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When author of The Descendants, Kaui Hart Hemmings, found out Alexander Payne was interested in adapting her book, she could hardly believe the news. “I just about died,” she laughs. “I mean he is my favorite director, I love the kind of movies he makes.”
After discussing the adaptation of Kaui Hemmings‘s book with many screenwriters, the producers at Ad Hominem selected the writing team of Nat Faxon and Jim Rash. Wonderful actors who continue to be fixtures at the Groundling Theater, Faxon and Rash had written a much admired screenplay, ‘The Way Back’, that suggested an ability to handle shifting tones of humor and pathos as would be required by ‘The Descendants’. All who read their elegant adaptation admired it. But when he decided to direct the film himself, Payne determined that the best way for him to forge a personal connection to the material was to adapt the book himself.
In his voice, Payne turned the focus in the screenplay on two dove-tailing journeys: the King family‘s trek to Kauai on the hunt for Elizabeth King‘s unwitting lover; and the pilgrimage of diverse friends and relatives to Elizabeth‘s bedside, where she becomes, in her comatose silence, a kind of grand confessor, bringing out secrets and suppressed emotions that might not otherwise see the light of day.
“One of the many things we learned in Hawaii is that people here know their genealogy like they do in no other place,” explains producer Jim Burke. “Everybody knows when their family first arrived on the island, and some go back six or seven generations and they feel a deep, deep connection to this place. We learned all this by meeting authentic descendants who have inherited land a lot like Matt.”
Hemmings was impressed with the adaptation. “I wasn‘t concerned about Alexander changing this or that, because he really got the tone of the book and that‘s all I cared about. He got that it‘s funny and it‘s sad at the same time. I also loved that he took the time to really get to know Hawaii.”
From the beginning, Payne and the production team felt it was essential to venture far from the well-beaten tourist paths to get to know the authentic Hawaii only locals ever see. As they did so, they developed a more nuanced understanding of what the term ‘descendants’ means on an island where ancestors have always been an important link in the chain of living history.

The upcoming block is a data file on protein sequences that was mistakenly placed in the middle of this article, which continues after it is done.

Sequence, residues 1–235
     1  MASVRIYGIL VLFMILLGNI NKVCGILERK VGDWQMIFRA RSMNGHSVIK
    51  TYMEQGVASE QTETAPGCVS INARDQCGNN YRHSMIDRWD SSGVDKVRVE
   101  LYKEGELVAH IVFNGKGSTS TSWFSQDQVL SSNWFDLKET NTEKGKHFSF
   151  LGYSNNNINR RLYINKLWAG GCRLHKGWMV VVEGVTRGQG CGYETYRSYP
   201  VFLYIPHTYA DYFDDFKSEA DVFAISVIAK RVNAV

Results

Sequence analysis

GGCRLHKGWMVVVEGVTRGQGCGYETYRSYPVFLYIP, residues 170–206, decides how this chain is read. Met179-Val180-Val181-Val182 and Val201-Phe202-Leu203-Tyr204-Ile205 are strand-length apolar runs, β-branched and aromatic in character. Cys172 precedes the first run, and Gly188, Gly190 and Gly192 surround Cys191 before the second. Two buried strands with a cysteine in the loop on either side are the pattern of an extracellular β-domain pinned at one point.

This helped to bring into focus Matt King‘s realization that he has become disconnected from his own feelings about the land he owns — and its past and future. Payne also relied on Hemmings to serve as an insightful guide into the alluring blend of American and Hawaiian cultures that imbues island life, from its politics to its traditions and relationships. “When we came over to the islands to start making the movie, Hemmings became a really big part of it, because this is her land. She knows these people.”
“She was able to give us a reality check and at the same time, Alexander was able to run all his ideas past Kaui to make sure they seemed right for the characters,” Burke continues. “We wanted to protect her story because we believed in it.”
“Alexander‘s voice is absolutely unique,” notes Burke, who reunites with producer Jim Taylor for their fifth collaboration with Payne. “You don‘t need to be told you‘re watching an Alexander Payne movie. And yet, each of his films is also quite different. I feel like The Descendants is the most different from his previous work.
It‘s a great story with great characters, but I think the thing that sets it apart is that it is very open to interpretation: none of the characters are entirely right and none of the characters are entirely wrong. It‘s not a movie everyone will view in the same way. It‘s a film that allows the viewer to participate and connect in their own way.”